How Does Medicare Enrollment Work?
The question on every soon-to-be retirees mind is “how does Medicare work?” Well, that’s a complicated question, but luckily there are a number of great resources available that strive to give seniors and their families as much info as possible about the U.S.A’s federally-regulated health insurance program.
MedicareInsurance.com is one such resource. From there, you can discover a number of important details about Medicare, what is and is not covered in various scenarios, Medicare news, and much more.
Courtesy of our friends at MedicareInsurance.com, today we’re covering Medicare enrollment. This is your basic guide to enrolling in Medicare. Let’s get started.
Understanding Medicare Enrollment Periods
When considering Medicare for the first time, it’s important to know the ins and outs of one of Medicare’s most important structures: the various Medicare enrollment periods. What are the Medicare enrollment periods, when are the Medicare enrollment periods, and how do they differ? Let’s find out.
Medicare Initial Enrollment Period
The first Medicare enrollment period any senior is likely to encounter in the Initial Enrollment Period (IEP). This enrollment period typically begins three months before you turn 65 years old, lasts the entire month of your 65th birthday, and continues for three months following your 65th birthday. Additionally, you can otherwise qualify for Medicare following the diagnosis of certain disabilities or diseases.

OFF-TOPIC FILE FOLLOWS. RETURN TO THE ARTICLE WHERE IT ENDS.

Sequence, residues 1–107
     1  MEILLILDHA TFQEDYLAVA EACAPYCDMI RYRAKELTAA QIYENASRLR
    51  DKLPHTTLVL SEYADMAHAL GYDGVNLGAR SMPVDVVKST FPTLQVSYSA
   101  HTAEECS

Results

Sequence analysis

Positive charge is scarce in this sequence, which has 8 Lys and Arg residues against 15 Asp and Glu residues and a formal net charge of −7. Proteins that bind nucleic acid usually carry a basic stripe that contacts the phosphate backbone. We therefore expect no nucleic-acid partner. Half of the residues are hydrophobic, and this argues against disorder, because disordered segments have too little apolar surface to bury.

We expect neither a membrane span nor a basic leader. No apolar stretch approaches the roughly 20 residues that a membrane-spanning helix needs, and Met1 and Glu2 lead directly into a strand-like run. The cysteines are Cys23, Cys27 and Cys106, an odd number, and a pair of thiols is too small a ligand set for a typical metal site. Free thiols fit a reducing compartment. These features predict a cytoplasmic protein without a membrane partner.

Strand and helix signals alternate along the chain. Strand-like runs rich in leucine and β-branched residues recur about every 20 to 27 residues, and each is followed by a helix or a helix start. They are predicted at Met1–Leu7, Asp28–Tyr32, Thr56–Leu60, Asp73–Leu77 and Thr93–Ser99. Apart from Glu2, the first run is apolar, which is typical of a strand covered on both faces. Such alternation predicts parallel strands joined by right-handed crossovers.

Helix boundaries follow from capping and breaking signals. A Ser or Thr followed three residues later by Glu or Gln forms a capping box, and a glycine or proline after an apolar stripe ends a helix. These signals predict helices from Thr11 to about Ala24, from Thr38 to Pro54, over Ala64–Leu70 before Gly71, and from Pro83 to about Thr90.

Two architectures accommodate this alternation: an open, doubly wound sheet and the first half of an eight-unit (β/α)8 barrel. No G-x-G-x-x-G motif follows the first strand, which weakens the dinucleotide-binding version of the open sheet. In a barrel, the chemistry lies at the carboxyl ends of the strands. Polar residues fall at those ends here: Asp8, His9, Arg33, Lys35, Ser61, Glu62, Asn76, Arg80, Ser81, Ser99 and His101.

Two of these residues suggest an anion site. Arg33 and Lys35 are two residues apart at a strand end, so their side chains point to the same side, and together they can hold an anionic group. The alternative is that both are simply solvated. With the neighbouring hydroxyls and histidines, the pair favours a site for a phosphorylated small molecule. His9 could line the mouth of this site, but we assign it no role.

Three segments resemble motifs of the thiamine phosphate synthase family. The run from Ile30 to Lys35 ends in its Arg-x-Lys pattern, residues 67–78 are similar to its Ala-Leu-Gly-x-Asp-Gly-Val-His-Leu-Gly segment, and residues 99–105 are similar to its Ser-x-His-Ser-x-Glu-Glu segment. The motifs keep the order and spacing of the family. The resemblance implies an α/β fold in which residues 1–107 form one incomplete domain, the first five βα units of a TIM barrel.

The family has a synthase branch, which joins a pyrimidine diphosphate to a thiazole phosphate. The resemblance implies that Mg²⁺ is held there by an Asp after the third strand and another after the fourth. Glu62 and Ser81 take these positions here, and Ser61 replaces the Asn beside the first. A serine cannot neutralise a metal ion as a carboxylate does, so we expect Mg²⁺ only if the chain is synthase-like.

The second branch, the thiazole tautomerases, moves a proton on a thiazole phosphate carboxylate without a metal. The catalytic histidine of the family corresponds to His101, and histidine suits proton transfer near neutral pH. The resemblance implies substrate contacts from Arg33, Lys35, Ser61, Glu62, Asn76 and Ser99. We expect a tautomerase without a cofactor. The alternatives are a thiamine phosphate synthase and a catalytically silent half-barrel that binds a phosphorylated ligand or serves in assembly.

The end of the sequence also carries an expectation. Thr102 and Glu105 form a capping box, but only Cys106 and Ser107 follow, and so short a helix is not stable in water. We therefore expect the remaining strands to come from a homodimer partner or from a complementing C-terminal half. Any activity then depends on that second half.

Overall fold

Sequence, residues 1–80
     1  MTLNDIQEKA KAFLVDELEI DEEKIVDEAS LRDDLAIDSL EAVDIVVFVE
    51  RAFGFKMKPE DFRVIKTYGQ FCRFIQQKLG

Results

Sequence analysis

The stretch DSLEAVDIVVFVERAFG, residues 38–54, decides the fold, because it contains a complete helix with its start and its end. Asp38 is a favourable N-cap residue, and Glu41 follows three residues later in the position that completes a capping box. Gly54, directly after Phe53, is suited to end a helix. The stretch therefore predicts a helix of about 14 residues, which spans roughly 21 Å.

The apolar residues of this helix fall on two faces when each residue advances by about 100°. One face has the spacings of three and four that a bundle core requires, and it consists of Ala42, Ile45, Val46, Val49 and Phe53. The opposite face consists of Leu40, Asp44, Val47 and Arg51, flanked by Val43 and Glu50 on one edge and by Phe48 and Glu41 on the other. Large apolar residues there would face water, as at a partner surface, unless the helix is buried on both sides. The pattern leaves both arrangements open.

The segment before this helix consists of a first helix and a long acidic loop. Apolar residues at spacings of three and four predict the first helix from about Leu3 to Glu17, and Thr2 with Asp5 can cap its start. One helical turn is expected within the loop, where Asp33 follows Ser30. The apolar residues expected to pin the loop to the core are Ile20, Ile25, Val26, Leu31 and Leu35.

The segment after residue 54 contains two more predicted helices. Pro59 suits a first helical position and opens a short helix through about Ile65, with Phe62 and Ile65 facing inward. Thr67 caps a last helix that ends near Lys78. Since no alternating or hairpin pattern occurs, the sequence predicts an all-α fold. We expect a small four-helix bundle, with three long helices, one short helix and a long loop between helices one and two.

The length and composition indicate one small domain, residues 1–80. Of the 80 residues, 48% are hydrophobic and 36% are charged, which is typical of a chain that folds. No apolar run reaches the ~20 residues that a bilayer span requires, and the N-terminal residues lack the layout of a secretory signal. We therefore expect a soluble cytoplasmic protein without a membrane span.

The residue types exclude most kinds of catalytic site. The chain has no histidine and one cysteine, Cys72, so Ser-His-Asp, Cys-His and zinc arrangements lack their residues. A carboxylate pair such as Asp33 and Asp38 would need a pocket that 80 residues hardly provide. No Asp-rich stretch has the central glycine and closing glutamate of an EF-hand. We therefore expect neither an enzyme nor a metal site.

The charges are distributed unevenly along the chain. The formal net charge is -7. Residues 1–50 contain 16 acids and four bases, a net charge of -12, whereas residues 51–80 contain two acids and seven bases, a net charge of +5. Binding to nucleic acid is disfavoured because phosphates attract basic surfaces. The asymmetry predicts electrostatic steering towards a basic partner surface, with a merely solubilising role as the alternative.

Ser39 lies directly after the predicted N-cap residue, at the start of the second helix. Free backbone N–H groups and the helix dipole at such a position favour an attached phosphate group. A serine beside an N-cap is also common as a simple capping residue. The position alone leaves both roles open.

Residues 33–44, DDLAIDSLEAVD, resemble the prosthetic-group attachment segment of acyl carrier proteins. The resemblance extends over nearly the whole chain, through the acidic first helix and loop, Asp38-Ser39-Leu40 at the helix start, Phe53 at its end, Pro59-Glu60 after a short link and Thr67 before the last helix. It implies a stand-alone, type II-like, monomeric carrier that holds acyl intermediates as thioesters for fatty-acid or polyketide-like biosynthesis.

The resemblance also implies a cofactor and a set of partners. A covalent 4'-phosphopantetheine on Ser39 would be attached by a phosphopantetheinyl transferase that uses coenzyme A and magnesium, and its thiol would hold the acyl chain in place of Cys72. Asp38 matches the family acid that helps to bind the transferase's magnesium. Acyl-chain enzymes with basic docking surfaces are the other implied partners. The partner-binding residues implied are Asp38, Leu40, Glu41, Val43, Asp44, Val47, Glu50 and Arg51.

During this IEP period, you will be automatically enrolled in Medicare Part A and can enroll in a Medicare Part B or Medicare Part C (Medicare Advantage) right away. Enrolling in Medicare Part D: Prescription Drug Plans and/or Medigap plans can also occur during this seven month window.
Medicare Annual Enrollment Period
The Medicare Annual Enrollment Period (AEP) takes place between October 15th and December 7th at the end of every year. During this period, eligible Medicare beneficiaries can join different parts of Medicare, and freely switch or drop a Medicare Advantage or Medicare Part D plan.
For most seniors, AEP is the ideal time to get coverage, change coverage, and compare plans in your area that may be more beneficial to your exact scenario.
Medicare Advantage Open Enrollment Period
The Medicare Advantage Open Enrollment Period (OEP) allows Medicare enrollees who already have existing Medicare Advantage plans to make necessary coverage changes as they see fit.
The Medicare Advantage OEP runs from January 1st to March 31st at the start of each year. During the Medicare Advantage OEP, you can switch between Medicare plans with no penalty, but you cannot enroll in a Medicare or Medicare Advantage plan for the first time.
Medicare Special Enrollment Period
A Medicare Special Enrollment Period (SEP) is sort of the oddball of the bunch. This enrollment period allows you to swap your Medicare or Medicare Advantage plan as a necessary result of a major life event, such as a recent move to a new area, marriage, divorce, death of a spouse, etc.